Date of Award


Document Type

Doctoral Thesis

Degree Name

Doctor of Philosophy


Department of Biological Sciences

First Advisor

Dr. Séamus Fanning


Between 1997 and 1998, 3,136 cases of rotavirus diarrhoea were detected in Irish children less than 2 years of age. Hospital inpatients accounted for 80% of these infections, with the remainder being diagnosed in general practice. A large percentage of infections were detected in neonates, suggesting a possible inadequate maternal derived protection from existing indigenous strains. This feature suggested the possible existence of ‘novel’ strains circulating in Ireland. No data describing the epidemiology of rotavirus strains in this country currently exists. Furthermore no assessment of the potential health-economic impact or quantitation of potential disease burden was ever undertaken

Three hundred and thirty rotavirus positive stool samples were isolated from Irish children presenting with confirmed diarrhoea in the southern and eastern regions of Ireland over a three-year period, from 1997 to 1999. These strains were characterised using polyacrylamide gel electrophoresis and polymerase chain reaction (PCR) mediated-typing. The predominant types identified in Ireland included G1P[8], G2P[4] and G4P[8]. However, novel strains, not previously detected in Irish children, were also identified. Significantly, two strains normally associated with infections in animals were recovered from Irish children as part of mixed infections.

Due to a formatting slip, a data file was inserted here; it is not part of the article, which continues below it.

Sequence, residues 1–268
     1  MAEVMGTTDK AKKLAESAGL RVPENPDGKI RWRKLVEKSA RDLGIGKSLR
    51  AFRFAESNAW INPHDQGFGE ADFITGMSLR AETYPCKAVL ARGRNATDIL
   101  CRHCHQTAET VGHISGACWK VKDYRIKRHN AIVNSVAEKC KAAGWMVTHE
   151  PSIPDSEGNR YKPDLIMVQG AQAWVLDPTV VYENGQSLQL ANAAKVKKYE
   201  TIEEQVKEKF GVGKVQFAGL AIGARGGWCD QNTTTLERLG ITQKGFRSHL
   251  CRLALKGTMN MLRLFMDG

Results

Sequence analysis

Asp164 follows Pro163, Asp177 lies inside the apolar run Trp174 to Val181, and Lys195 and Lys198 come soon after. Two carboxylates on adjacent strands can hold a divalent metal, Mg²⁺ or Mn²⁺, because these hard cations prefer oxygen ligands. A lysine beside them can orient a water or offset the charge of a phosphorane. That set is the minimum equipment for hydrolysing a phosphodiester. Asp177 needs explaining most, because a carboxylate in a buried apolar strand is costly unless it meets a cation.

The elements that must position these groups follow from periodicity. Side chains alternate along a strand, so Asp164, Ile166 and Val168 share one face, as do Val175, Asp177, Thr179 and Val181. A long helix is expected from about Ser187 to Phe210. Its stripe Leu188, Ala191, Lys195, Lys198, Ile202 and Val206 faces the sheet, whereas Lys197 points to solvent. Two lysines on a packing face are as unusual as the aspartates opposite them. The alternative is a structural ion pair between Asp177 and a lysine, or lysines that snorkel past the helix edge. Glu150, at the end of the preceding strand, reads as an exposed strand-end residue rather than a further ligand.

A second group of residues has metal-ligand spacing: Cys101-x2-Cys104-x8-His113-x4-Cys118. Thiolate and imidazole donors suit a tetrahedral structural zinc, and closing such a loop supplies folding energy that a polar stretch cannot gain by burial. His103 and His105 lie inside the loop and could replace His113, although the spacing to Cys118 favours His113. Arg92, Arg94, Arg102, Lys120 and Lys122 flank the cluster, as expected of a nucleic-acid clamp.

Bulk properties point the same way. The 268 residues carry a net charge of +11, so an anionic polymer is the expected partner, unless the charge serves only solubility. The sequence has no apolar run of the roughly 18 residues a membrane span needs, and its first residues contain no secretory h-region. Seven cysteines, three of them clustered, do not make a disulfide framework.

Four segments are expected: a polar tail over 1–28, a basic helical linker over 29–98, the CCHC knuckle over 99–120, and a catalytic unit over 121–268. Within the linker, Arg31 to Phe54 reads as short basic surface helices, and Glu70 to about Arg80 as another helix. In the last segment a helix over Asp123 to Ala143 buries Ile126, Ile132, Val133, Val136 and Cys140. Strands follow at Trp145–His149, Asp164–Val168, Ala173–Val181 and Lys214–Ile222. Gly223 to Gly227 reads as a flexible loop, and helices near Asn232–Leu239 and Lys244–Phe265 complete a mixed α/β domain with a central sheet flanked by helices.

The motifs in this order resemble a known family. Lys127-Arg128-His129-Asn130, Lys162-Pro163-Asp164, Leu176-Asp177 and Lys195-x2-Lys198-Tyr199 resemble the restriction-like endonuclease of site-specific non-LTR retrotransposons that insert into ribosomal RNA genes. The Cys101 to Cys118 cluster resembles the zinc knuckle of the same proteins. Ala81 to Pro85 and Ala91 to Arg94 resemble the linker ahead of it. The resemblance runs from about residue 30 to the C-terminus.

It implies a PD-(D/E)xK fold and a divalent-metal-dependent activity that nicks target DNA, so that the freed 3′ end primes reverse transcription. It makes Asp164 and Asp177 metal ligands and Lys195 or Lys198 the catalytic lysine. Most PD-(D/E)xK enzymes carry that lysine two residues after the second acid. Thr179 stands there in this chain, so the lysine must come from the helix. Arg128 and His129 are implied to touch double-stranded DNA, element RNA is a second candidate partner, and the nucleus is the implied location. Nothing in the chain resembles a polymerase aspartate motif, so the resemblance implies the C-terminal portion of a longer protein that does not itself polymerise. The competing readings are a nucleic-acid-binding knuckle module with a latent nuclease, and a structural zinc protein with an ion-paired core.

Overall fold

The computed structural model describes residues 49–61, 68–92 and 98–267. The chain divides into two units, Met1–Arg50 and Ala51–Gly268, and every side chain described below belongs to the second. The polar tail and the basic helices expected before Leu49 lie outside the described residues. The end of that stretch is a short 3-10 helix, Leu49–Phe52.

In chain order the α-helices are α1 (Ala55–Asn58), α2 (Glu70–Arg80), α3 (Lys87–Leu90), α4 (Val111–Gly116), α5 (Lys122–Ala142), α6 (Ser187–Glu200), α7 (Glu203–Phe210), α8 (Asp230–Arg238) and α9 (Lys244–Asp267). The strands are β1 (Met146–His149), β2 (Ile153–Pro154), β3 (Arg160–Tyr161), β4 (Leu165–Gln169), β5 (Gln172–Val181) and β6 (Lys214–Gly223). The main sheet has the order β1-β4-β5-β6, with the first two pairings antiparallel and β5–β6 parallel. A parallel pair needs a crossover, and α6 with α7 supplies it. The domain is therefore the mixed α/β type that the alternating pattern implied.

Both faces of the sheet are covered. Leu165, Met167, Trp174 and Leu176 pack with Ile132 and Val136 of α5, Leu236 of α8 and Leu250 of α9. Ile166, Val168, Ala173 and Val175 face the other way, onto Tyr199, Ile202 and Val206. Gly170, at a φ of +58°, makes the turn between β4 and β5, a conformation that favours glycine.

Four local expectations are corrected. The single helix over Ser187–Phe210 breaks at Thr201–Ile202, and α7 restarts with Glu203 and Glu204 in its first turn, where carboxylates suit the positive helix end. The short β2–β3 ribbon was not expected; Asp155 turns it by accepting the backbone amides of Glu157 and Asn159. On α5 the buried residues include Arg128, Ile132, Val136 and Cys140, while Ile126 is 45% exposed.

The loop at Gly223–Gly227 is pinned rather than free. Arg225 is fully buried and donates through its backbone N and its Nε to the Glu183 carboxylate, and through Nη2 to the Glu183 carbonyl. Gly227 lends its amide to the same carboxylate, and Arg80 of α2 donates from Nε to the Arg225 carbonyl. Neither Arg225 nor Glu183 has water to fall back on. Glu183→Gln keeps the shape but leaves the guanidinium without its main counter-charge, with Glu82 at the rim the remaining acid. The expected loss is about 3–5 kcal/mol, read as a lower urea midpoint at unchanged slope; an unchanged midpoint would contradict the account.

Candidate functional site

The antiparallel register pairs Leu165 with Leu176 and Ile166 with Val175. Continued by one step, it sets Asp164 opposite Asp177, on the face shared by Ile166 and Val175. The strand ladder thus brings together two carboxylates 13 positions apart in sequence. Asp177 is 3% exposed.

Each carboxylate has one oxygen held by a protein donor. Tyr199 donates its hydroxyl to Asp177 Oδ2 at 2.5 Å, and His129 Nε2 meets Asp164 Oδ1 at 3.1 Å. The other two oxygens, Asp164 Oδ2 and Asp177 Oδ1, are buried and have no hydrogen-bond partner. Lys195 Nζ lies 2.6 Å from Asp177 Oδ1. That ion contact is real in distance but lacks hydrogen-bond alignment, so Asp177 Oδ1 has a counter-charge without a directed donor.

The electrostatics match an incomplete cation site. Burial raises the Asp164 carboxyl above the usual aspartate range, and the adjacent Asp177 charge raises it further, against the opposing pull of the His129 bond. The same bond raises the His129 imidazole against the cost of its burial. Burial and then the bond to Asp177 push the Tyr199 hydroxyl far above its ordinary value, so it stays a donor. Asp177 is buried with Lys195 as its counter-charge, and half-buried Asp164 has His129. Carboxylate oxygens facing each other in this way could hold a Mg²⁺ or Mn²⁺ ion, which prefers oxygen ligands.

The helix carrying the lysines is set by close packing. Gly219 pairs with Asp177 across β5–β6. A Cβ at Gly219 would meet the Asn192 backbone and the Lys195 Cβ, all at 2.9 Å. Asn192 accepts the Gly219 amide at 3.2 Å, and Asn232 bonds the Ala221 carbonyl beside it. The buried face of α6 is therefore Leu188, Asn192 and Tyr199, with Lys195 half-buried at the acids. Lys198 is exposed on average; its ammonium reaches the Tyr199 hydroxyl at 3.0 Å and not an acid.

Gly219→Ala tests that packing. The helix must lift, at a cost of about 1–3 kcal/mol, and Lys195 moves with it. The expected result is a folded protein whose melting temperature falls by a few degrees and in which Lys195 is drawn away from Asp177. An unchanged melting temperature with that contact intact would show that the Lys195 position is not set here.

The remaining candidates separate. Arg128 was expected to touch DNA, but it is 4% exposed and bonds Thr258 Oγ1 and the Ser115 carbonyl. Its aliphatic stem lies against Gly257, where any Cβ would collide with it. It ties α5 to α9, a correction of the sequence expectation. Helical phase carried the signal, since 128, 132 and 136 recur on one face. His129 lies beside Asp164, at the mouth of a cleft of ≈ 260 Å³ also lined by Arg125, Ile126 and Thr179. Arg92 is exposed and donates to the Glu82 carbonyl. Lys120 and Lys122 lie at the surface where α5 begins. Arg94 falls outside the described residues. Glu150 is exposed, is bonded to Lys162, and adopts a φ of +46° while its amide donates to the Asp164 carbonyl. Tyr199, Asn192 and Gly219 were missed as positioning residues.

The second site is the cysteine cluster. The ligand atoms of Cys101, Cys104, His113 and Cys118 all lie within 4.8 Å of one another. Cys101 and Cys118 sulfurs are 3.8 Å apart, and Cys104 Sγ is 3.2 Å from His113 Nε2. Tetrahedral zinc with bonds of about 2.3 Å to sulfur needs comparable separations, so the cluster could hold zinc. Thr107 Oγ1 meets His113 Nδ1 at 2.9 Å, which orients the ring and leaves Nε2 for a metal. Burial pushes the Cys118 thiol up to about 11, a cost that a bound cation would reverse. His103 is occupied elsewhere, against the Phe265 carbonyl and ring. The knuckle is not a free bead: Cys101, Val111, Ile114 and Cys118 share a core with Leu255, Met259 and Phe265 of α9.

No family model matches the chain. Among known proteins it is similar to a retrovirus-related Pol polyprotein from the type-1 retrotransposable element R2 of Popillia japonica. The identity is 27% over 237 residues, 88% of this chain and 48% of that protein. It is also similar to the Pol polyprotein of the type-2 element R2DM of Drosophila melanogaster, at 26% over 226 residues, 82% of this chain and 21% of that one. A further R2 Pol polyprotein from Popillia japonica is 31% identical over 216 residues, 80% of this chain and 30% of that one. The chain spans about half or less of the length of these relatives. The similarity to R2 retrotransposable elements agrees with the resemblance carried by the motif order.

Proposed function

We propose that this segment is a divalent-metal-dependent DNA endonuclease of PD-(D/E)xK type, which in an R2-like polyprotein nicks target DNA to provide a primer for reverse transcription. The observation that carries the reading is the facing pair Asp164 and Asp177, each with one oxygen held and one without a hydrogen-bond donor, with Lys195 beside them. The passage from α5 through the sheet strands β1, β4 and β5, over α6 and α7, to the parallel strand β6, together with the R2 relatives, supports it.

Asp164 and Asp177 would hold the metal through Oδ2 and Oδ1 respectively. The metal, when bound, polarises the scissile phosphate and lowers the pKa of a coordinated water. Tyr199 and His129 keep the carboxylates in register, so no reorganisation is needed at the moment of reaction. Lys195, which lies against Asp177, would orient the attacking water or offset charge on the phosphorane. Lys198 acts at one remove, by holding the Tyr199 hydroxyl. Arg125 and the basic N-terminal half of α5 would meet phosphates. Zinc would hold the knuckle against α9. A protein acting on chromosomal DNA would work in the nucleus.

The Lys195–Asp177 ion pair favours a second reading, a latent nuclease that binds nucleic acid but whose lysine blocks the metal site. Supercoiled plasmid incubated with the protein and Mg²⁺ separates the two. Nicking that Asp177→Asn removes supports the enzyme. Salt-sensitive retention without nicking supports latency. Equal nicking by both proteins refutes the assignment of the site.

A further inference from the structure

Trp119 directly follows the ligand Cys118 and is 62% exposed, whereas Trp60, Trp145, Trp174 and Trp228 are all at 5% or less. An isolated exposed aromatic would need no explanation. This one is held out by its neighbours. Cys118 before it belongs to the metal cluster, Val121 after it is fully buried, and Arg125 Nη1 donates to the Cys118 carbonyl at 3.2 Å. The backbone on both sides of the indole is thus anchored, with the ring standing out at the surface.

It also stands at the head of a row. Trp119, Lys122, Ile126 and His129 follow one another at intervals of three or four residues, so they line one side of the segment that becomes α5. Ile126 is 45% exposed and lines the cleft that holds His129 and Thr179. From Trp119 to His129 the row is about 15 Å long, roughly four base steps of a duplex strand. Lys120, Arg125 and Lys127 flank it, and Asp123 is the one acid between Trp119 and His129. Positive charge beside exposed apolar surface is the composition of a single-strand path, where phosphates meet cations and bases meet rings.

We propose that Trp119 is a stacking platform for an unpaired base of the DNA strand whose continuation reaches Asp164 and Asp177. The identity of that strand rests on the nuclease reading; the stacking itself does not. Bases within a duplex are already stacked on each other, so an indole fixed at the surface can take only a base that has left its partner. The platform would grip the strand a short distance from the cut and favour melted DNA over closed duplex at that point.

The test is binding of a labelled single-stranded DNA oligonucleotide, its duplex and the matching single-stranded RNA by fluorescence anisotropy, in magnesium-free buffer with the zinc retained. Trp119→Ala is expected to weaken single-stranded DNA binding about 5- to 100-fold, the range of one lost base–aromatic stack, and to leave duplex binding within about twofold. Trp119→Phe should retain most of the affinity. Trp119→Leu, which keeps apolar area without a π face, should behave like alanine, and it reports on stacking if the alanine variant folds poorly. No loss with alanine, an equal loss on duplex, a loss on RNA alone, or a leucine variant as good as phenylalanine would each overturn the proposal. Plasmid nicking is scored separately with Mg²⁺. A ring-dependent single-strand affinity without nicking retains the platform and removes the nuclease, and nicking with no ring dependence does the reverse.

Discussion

The major rotavirus neutralisation viral protein (VP7) is encoded by gene segment 9 in group A human strains. A restriction fragment length polymorphic (RFLP)- detecting assay was developed to examine the genetic variability and/or similarity between the VP7-encoding genes from Irish rotavirus strains and a random selection of global strains taken fronn the current databases. VP7 protein encoding genes of 130 strains were analysed by RFLP using three restriction enzymes. These data showed the Irish rotavirus wild-type population to be homogenous, being distinguished from global isolates of the same serotype by these methods.

Nucleic acid and the deduced amino acid sequences of six VP7 protein encoded genes were determined. Specific amino acid substitutions were identified among the Irish rotavirus strains providing evidence of true reassortment between these isolates. Furthermore, careful analysis of the amino acid sequences within known hyperyariable regions of the VP7-encoding gene, confirmed the existence of two genetic lineages within G1-serotypes. The latter is a useful strategy to monitor the “real-time” evolution of these viruses. When taken together with the previously identified unusual G-types, these findings predict a more genetically diverse, complex and dynamic rotavirus pool existing in this country. This knowledge will in the future facilitate the development of a suitable vaccine for the Irish population.

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